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Enviroscan Ukrainian Institute of Speleology and Karstology

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Speleology in Kazakhstan

Shakalov on 04 Jul, 2018
Hello everyone!   I pleased to invite you to the official site of Central Asian Karstic-Speleological commission ("Kaspeko")   There, we regularly publish reports about our expeditions, articles and reports on speleotopics, lecture course for instructors, photos etc. ...

New publications on hypogene speleogenesis

Klimchouk on 26 Mar, 2012
Dear Colleagues, This is to draw your attention to several recent publications added to KarstBase, relevant to hypogenic karst/speleogenesis: Corrosion of limestone tablets in sulfidic ground-water: measurements and speleogenetic implications Galdenzi,

The deepest terrestrial animal

Klimchouk on 23 Feb, 2012
A recent publication of Spanish researchers describes the biology of Krubera Cave, including the deepest terrestrial animal ever found: Jordana, Rafael; Baquero, Enrique; Reboleira, Sofía and Sendra, Alberto. ...

Caves - landscapes without light

akop on 05 Feb, 2012
Exhibition dedicated to caves is taking place in the Vienna Natural History Museum   The exhibition at the Natural History Museum presents the surprising variety of caves and cave formations such as stalactites and various crystals. ...

Did you know?

That packing is the three-dimensional arrangement of particles [16].?

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KarstBase a bibliography database in karst and cave science.

Featured articles from Cave & Karst Science Journals
Chemistry and Karst, White, William B.
See all featured articles
Featured articles from other Geoscience Journals
Karst environment, Culver D.C.
Mushroom Speleothems: Stromatolites That Formed in the Absence of Phototrophs, Bontognali, Tomaso R.R.; D’Angeli Ilenia M.; Tisato, Nicola; Vasconcelos, Crisogono; Bernasconi, Stefano M.; Gonzales, Esteban R. G.; De Waele, Jo
Calculating flux to predict future cave radon concentrations, Rowberry, Matt; Marti, Xavi; Frontera, Carlos; Van De Wiel, Marco; Briestensky, Milos
Microbial mediation of complex subterranean mineral structures, Tirato, Nicola; Torriano, Stefano F.F;, Monteux, Sylvain; Sauro, Francesco; De Waele, Jo; Lavagna, Maria Luisa; D’Angeli, Ilenia Maria; Chailloux, Daniel; Renda, Michel; Eglinton, Timothy I.; Bontognali, Tomaso Renzo Rezio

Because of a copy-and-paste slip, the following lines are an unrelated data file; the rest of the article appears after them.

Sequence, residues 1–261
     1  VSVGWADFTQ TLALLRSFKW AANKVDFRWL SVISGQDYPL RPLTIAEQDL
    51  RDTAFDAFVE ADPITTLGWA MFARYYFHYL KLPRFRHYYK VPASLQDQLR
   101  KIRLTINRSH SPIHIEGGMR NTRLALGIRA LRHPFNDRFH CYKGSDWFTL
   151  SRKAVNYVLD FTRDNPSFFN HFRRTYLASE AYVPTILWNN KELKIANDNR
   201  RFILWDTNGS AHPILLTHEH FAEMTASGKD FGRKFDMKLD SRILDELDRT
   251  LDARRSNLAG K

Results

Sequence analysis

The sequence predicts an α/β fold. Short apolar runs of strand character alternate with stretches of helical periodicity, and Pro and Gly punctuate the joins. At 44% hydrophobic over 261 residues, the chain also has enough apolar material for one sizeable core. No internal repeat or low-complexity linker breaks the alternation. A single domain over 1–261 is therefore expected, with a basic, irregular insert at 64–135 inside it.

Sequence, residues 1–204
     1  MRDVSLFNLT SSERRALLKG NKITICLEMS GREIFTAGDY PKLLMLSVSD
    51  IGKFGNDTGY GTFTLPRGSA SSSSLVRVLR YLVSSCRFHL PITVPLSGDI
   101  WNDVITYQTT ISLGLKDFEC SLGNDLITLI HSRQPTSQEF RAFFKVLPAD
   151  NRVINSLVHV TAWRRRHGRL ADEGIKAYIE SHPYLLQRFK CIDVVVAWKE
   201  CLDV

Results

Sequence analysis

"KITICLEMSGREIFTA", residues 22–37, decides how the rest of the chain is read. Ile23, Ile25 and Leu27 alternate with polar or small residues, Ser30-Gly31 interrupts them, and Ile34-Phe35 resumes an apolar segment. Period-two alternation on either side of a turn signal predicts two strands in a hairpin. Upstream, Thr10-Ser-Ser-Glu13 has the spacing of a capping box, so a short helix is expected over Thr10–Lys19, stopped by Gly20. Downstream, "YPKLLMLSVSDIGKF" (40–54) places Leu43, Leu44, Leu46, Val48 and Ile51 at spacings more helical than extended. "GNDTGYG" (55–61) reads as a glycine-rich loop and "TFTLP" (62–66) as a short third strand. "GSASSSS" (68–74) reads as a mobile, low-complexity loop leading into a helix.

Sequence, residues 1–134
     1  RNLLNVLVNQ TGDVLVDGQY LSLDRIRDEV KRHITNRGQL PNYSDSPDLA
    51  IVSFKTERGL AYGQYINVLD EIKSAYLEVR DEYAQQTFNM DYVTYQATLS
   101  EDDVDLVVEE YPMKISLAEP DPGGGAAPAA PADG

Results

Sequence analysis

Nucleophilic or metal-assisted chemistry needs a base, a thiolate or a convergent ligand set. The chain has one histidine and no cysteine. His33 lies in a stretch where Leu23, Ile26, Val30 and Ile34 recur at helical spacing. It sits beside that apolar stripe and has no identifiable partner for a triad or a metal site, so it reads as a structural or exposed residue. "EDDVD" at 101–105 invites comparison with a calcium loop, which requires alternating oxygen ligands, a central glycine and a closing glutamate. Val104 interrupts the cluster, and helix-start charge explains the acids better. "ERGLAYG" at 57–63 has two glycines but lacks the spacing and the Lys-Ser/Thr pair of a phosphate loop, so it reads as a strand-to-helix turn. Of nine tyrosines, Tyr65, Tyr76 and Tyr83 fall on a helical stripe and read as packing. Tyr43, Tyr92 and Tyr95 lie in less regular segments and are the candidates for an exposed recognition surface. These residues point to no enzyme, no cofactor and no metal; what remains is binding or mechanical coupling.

Evidence of a plate-wide tectonic pressure pulse provided by extensometric monitoring in the Balkan Mountains (Bulgaria), Briestensky, Milos; Rowberry, Matt; Stemberk, Josef; Stefanov, Petar; Vozar, Jozef; Sebela, Stanka; Petro, Lubomir; Bella, Pavel; Gaal, Ludovit; Ormukov, Cholponbek;
See all featured articles from other geoscience journals

The use of microgravity for cavity characterization in karstic terrains
Abstract:
Microgravity is the interpretation of changes in the subsurface density distribution from the measurement of minute variations in the gravitational attraction of the Earth. As a technique, it is particularly suited to the investigation of subsurface structures, mapping of geological boundaries and, most importantly in this case, the location and characterization of voids or cavities. Gravity variations due to the geological/petrophysical changes associated with fracturing and changes in pore composition are superimposed upon much larger variations due to elevation, latitude, topography, Earth tides and regional geological variations. However, these external changes can be modelled or monitored with sufficient accuracy to be removed from the data. With the recent development of high-resolution instruments, careful field acquisition techniques and sophisticated reduction, processing and analysis routines, anomalies as small as 10 microgal can be detected and interpreted effectively. This paper describes the state-of-the-art' application of the microgravity technique for the detection and characterization of karstic cavities in a variety of limestone terrains, including the Carboniferous Limestone of the United Kingdom and Eire and the coral limestones of the Bahamas. The case study examples show how the recorded gravity anomalies have revealed the location of density variations associated with underground cave systems and, ultimately, provided information on their depths, shapes and morphology from a combined analysis of their spectral content, characteristic gradient signatures and modelling responses. In addition, mass deficiencies have been estimated, directly from the anomaly map, by the use of Gauss's theorem without any prior knowledge of the exact location, or nature, of the causative bodies